Cowboy Bebop’s Julia episode was crucial change from anime, says showrunner
The initial Cowboy Bebop anime was a story about the methods which the previous haunts today, or to estimate previous Kotaku author Richard Eisenbeis’ 2014 post, “the epilogue to a story we never get to see.” While the audience sees peeks of Spike’s previous life as a member of the Red Dragon distribute, his love affair with Vicious’ sweetheart Julia, and his near-fatal departure from the distribute throughout the series, the complete story of who Spike was and how his life took such a near-fatal turn is never ever seen or described.
Netflix’s Cowboy Bebop takes a various technique. Of the numerous methods the live-action series diverges from the initial series, none are possibly more significant or substantial than episode 9, “Blue Crow Waltz,” which uses a glance into Spike’s previous life as “Fearless,” a gunman for the Distribute, and the occasions which lead up to his assumed death at the hands of his previous partner Vicious (Alex Hassel).
[Ed. note: The rest of this article contains spoilers for the ending of Cowboy Bebop.]
For Bebop showrunner André Nemec, unfurling the history within the brand-new connection of the series was critical. “It was a story that we had to tell ourselves in the writers room, in order to really understand the character of Vicious; who he is, what he is, and why he is,” Nemec informs Polygon. “It felt critical that we should just tell that story, like, that is the foundation by which we are building this entire season. This is the event that sets everything in motion.”
Set 3 years prior to the contemporary occasions of Cowboy Bebop, “Blue Crow Waltz” reveals what resulted in Vicious and Brave’ fallout — particularly a bloody gang war. What Vicious starts, Spike tidies up, and Spike’s tryst with Julia behind Vicious’ back is the last fracture. However more than just being a story about an enthusiastic fight in between 2 guys, the episode is an origin story for Julia, Spike’s previous flame and a character who was never ever totally checked out in the initial anime. “In the original idea of the breaking of episode 9, I had always looked at it as Julia’s episode,” Nemec says. “I thought it was important that the character be the architect of her own journey, rather than a dramatic tool to tell a story in between these 2 guys.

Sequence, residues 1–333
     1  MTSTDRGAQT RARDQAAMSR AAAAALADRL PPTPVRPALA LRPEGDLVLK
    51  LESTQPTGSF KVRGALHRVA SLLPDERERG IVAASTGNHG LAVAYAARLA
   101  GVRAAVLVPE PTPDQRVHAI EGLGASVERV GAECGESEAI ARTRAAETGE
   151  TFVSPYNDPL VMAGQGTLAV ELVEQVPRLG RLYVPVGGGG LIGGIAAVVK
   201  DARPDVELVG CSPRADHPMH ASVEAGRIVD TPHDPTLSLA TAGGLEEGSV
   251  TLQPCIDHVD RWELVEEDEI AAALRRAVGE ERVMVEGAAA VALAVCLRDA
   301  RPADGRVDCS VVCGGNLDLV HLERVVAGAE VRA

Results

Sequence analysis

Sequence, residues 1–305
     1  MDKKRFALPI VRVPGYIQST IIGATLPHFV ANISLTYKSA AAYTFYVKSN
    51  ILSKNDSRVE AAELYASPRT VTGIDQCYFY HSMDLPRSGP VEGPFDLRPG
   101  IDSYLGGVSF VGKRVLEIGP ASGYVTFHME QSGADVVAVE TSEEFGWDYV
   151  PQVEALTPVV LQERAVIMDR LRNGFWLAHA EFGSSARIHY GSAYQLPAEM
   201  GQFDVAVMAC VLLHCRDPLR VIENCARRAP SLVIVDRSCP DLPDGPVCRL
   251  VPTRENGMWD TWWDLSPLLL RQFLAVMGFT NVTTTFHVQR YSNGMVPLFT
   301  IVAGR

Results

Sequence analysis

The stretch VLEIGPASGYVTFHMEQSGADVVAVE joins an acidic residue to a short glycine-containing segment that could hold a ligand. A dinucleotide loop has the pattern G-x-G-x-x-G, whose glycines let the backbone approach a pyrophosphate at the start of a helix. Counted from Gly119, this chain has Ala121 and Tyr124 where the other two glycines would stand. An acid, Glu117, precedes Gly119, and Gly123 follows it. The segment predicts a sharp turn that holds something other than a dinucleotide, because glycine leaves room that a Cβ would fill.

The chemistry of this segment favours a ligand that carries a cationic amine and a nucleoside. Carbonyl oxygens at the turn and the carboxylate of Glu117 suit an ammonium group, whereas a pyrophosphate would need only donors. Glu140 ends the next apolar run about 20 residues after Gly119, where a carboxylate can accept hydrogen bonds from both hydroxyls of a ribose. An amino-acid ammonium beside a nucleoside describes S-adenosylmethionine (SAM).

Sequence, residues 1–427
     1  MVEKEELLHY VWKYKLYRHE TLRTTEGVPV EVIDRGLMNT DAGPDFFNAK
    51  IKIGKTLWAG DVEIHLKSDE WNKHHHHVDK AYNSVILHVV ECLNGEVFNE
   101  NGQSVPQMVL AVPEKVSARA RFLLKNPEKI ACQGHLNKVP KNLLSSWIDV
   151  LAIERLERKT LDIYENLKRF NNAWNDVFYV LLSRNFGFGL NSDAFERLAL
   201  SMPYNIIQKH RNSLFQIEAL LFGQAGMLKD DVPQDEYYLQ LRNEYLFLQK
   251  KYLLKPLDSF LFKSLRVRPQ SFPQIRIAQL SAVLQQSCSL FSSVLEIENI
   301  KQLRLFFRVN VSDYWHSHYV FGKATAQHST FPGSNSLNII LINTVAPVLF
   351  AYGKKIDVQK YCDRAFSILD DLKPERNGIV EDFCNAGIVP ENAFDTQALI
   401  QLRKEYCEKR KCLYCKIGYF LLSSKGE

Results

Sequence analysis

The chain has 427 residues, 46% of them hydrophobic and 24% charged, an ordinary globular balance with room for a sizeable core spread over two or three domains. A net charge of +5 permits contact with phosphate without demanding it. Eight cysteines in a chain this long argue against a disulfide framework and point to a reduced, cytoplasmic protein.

“To me, it was important that she was whole and fleshed out as a person, but not just as a victim under the thumb of Vicious — which is a place that I knew we wanted her at the beginning of this story — but also to give her the agency of crafting her path out […] The spirit of it definitely came from: I want to know more about Julia. Like, who is this Helen of Troy?”
For Elena Satine, the challenge and opportunity of portraying this evolution was in creating the distinction of who her character was in relation to other characters versus who she was to herself. “I approached Julia as two different characters, essentially, there was the idea of Julia that is perpetuated by Spike and his memories of Julia. But then there’s the real Julia, which in the anime, we briefly see running around with a gun shooting people. She’s not exactly the same girl as the one that is in his memories, so that was sort of a starting off point for me approaching the character. And I kind of went from there and built on that and the slow morphing of Julia from someone else’s dream girl to this woman who’s very much at the end, you know, in control of her own destiny.”
To say that Julia in the live-action Cowboy Bebop feels completely different than the character glimpsed in the original anime is an understatement. In truth, Julia wasn’t much of a character so much as she was an idea in 1995’s Cowboy Bebop. At first seen as a terrified, albeit willing, wife to Vicious, Satine’s portrayal gradually evolves beyond her initial appearance, eventually wresting control over the syndicate from her husband and rebuking Spike in her own ascent to power. After shooting Spike and imprisoning Vicious, it’s Julia who wields the most power at the end of season 1. “I knew at the beginning that I wanted this to be the birth of a villain,” Nemec says. “I thought we had an incredible opportunity to tell the story of someone who really is caged, who finds empowerment, and we look at her and we’re just kind of like, Ooh, she’s dangerous, like she’s properly dangerous — and I think she is by the final frames of season one.”
By not only showing Julia’s backstory, but reframing her arc as a sympathetic, empowered, and ruthless antagonist, Cowboy Bebop ventures into unprecedented narrative territory that the anime never ever broached. Where the Netflix series might take her story going forward is unknown for now, however if there’s anything particular about who Julia is now versus the character in the anime, it’s this: she’s more than simply somebody’s dream lady.
Jobber Wiki author Frank Long contributed to this report.